Setting an instance variable in a Test Class
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Posted By:   Anonymous
Posted On:   Saturday, February 16, 2008 01:53 PM

When I run the following test: import static org.junit.Assert.*; import org.junit.Test; public class TestTest { private int i; @Test public void firstTest() { this.i = 1; assertEquals(1, this.i); } @Test public void secondTest() { assertEquals(1, this.i); } } it fails. When I debug it it seems that the instance variable is set back to default 0 between the tests. 1.) Why is that so? 2.) What is the recommended pattern to use if you do need to keep some state between two tests. E.g. test1 you test if a new object is succesfully persisted with a ORM tool.    More>>

When I run the following test:


			
import static org.junit.Assert.*;
import org.junit.Test;

public class TestTest {

private int i;

@Test
public void firstTest() {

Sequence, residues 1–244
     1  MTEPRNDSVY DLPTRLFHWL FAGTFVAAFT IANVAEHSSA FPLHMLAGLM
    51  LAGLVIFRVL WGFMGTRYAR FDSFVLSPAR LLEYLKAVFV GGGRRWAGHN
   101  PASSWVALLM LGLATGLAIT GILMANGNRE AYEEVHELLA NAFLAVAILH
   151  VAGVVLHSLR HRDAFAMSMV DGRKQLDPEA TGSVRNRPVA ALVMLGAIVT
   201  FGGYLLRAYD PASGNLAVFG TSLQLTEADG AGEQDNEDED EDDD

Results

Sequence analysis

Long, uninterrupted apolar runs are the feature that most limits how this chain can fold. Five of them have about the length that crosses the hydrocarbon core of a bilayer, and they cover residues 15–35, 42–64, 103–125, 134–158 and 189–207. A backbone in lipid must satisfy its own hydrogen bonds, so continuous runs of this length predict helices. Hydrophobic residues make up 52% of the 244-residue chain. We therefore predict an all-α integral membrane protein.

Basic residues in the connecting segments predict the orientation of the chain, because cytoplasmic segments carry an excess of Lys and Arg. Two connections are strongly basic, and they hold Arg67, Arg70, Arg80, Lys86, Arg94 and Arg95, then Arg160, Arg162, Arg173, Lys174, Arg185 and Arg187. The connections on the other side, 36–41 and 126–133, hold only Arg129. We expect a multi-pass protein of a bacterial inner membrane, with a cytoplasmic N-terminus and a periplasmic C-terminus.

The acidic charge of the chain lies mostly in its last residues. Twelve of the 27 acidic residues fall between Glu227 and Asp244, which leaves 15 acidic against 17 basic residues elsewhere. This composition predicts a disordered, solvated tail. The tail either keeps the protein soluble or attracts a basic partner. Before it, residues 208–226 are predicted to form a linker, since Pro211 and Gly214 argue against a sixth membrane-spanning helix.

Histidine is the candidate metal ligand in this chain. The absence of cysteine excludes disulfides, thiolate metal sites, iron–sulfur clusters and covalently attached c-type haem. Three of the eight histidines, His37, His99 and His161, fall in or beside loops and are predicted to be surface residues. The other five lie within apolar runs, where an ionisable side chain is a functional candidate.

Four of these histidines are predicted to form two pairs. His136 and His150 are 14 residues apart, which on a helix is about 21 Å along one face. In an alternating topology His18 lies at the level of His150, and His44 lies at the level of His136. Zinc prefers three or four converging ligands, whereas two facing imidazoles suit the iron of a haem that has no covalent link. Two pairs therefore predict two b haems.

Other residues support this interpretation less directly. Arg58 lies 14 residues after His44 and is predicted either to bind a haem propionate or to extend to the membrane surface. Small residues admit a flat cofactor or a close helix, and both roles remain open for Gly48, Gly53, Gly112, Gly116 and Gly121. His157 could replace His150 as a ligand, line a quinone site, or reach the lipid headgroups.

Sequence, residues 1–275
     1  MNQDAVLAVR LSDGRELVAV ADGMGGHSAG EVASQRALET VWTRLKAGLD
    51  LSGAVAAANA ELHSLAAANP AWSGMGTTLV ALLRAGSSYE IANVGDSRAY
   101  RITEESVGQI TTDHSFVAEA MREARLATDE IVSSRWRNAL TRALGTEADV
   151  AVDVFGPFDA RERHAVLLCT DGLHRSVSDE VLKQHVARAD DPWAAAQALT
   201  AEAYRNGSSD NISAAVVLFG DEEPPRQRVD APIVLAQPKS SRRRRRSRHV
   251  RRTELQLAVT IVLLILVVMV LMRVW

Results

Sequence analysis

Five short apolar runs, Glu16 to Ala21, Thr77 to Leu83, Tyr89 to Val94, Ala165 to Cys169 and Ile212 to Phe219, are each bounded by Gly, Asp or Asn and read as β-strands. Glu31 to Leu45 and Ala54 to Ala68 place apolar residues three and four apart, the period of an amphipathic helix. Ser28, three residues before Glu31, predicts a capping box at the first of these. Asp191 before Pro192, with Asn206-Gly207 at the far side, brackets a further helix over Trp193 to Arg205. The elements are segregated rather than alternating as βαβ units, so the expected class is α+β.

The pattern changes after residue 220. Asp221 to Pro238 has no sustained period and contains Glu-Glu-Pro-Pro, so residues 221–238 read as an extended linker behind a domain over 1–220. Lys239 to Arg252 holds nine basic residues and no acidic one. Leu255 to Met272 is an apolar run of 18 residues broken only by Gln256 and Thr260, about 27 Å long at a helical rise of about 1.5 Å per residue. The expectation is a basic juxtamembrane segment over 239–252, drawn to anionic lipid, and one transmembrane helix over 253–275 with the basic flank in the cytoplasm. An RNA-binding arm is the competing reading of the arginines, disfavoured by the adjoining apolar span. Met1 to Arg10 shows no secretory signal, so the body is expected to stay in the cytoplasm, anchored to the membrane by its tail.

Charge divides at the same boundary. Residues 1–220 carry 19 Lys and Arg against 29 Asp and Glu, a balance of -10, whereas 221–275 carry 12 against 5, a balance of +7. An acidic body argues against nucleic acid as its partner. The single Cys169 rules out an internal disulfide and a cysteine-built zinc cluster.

this.i = 1;
assertEquals(1, this.i);
}

@Test
public void secondTest() {
assertEquals(1, this.i);
}
}


it fails. When I debug it it seems that the instance variable is set back to default 0 between the tests.


1.) Why is that so?

2.) What is the recommended pattern to use if you do need to keep some state between two tests.

E.g. test1 you test if a new object is succesfully persisted with a ORM tool. In this test you get the primary key . In following tests you need the primary key of this object e.g. to retrieve it again from the DB.

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Re: Setting an instance variable in a Test Class

Posted By:   Robert_Lybarger  
Posted On:   Saturday, February 16, 2008 09:54 PM

I believe junit runs each test method in a different instance of the class, which is actually desirable to prevent effects of one test from influencing another. In your case, you could probably make 'i' a static variable, but the better solution for unit testing DB query code would be to create a database setup script that populates known-good material so that 'secondTest' has a better chance of being properly initialized when it runs, and does not depend on success/failure of firstTest. (Otherwise, you haven't really written two unit tests... you've written one test split improperly across two methods.)
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